September 25, 2015
By Sabrina LeBlond

Lesson plan

Goods and Services: Let's Make a Deal!

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Students will be able to understand that bartering is the exchange of goods and services.

(5 minutes)
  • To capture students’ interest, show them an item they would really like to have. Examples may include a candy treat, a favorite book, a pencil, or a homework pass.
  • Then, tell students that you are willing to trade your item for another. Ask students to name some goods that they would be willing to exchange.
  • Record this information on a t-chart under the category of "Goods."
  • Next, tell students that you are also willing to trade your item for a service. Ask students to list some services that can be completed in the classroom. Examples may include sharpening pencils, erasing the boards, cleaning out desks, and tidying the room.
  • Record this information on a t-chart under the category of "Services."
(10 minutes)
  • Refer back to the t-chart on Goods and Services. Tell students that the chart lists many Goods, things that can be bought or held, and Services, things that people do for others.
  • Tell students that when people trade for goods or services it is known as Bartering.
  • Write this term on the board. Tell students that there are plenty of goods and services that you would like to barter for, but the decision isn’t always easy.
  • Ask students to brainstorm some goods they would like to barter and to keep this information to themselves. After an allotted amount of time, ask students to write or draw their good on a blank sheet of paper.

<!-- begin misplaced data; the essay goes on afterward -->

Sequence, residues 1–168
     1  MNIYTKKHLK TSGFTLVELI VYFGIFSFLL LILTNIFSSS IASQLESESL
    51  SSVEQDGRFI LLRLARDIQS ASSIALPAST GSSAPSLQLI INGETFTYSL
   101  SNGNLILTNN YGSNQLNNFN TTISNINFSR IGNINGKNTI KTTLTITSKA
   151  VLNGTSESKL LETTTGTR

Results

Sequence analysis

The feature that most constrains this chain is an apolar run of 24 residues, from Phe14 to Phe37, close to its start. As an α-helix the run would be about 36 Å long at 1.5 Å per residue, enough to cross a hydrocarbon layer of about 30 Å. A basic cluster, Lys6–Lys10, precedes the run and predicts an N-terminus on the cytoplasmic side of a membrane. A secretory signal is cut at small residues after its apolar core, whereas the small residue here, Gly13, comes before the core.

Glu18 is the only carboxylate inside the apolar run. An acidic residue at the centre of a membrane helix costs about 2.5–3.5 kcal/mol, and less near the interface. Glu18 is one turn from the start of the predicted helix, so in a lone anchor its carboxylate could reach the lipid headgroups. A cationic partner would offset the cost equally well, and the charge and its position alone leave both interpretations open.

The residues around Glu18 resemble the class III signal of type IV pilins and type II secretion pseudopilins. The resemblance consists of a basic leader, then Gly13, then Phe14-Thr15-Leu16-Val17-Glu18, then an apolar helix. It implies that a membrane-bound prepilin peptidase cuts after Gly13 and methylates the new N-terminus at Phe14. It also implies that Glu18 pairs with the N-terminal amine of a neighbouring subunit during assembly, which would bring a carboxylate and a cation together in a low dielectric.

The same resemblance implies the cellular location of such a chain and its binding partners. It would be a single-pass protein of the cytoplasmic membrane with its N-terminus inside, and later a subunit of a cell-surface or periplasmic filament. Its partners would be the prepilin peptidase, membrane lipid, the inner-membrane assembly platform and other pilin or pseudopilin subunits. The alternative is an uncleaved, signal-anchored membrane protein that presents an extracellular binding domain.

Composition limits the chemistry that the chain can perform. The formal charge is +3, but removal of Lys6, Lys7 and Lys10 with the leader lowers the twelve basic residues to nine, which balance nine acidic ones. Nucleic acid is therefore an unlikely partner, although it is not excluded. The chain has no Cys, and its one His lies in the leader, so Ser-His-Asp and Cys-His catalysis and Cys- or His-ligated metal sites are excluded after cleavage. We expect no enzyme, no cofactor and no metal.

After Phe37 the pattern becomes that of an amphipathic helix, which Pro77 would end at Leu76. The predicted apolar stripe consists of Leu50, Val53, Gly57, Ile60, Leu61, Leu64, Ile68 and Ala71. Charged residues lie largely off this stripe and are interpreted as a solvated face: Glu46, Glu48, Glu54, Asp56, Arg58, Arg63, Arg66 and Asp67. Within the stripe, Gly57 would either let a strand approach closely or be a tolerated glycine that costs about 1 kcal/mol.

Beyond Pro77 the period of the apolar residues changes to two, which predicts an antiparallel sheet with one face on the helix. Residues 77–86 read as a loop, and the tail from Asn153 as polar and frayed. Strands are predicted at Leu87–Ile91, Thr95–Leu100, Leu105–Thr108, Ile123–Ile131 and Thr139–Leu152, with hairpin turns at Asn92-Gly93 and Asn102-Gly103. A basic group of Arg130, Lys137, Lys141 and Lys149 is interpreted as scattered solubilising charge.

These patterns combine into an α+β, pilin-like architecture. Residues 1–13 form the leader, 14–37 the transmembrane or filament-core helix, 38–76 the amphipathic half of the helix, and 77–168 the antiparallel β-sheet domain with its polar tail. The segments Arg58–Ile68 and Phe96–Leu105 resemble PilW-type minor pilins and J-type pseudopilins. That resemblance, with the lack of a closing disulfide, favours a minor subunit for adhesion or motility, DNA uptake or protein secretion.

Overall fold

(5 minutes)
  • Tell students that they will participate in an activity called Let’s Make a Deal.
  • Explain that in this activity, they must take the drawing of their good, and find a classmate to barter with.
  • Inform the class that when they find someone to barter with, they say, “Let’s make a deal!” If a deal is agreed, the students trade pictures. If a deal is not agreed upon, students continue to seek out a barter.
  • Demonstrate a practise round using the item shown at the beginning of the lesson, and stressing, “Let’s make a deal!” when an agreement is reached.
  • Explain to the class that once their original item has been bartered, they can decide to barter their new item as well.
(15 minutes)
  • With a given amount of time, students will actively participate in bartering their items.
  • Monitor student interactions and encourage fairness when bartering.
  • Enrichment:For students who need an extra challenge, ask students to think of a service they could barter versus a good. Ask students to barter at least three times during the activity.
  • Support:For students needing support, provide premade visuals for easier bartering.
(5 minutes)
  • To check for understanding, monitor the classroom as students are bartering.
  • Actively listen to student conversations.
(5 minutes)
  • Ask students what goods were easier to barter and which goods were more difficult.
  • Ask students what they liked and disliked about this activity.

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